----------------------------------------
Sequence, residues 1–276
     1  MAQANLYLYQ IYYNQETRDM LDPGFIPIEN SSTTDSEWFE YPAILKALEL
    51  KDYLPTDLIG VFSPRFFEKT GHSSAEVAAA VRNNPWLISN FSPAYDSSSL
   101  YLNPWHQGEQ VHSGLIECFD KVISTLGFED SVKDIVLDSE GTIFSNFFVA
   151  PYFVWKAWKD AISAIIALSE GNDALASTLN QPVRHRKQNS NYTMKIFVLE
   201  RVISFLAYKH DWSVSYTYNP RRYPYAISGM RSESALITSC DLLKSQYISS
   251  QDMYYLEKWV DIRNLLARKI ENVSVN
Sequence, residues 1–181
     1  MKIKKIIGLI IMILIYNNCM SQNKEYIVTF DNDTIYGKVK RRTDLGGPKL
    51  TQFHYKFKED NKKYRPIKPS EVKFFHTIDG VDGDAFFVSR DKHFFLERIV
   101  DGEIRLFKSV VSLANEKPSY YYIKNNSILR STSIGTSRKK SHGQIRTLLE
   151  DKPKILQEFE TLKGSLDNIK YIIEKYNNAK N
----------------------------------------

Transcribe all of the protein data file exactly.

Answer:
Sequence, residues 1–276
     1  MAQANLYLYQ IYYNQETRDM LDPGFIPIEN SSTTDSEWFE YPAILKALEL
    51  KDYLPTDLIG VFSPRFFEKT GHSSAEVAAA VRNNPWLISN FSPAYDSSSL
   101  YLNPWHQGEQ VHSGLIECFD KVISTLGFED SVKDIVLDSE GTIFSNFFVA
   151  PYFVWKAWKD AISAIIALSE GNDALASTLN QPVRHRKQNS NYTMKIFVLE
   201  RVISFLAYKH DWSVSYTYNP RRYPYAISGM RSESALITSC DLLKSQYISS
   251  QDMYYLEKWV DIRNLLARKI ENVSVN
Sequence, residues 1–181
     1  MKIKKIIGLI IMILIYNNCM SQNKEYIVTF DNDTIYGKVK RRTDLGGPKL
    51  TQFHYKFKED NKKYRPIKPS EVKFFHTIDG VDGDAFFVSR DKHFFLERIV
   101  DGEIRLFKSV VSLANEKPSY YYIKNNSILR STSIGTSRKK SHGQIRTLLE
   151  DKPKILQEFE TLKGSLDNIK YIIEKYNNAK N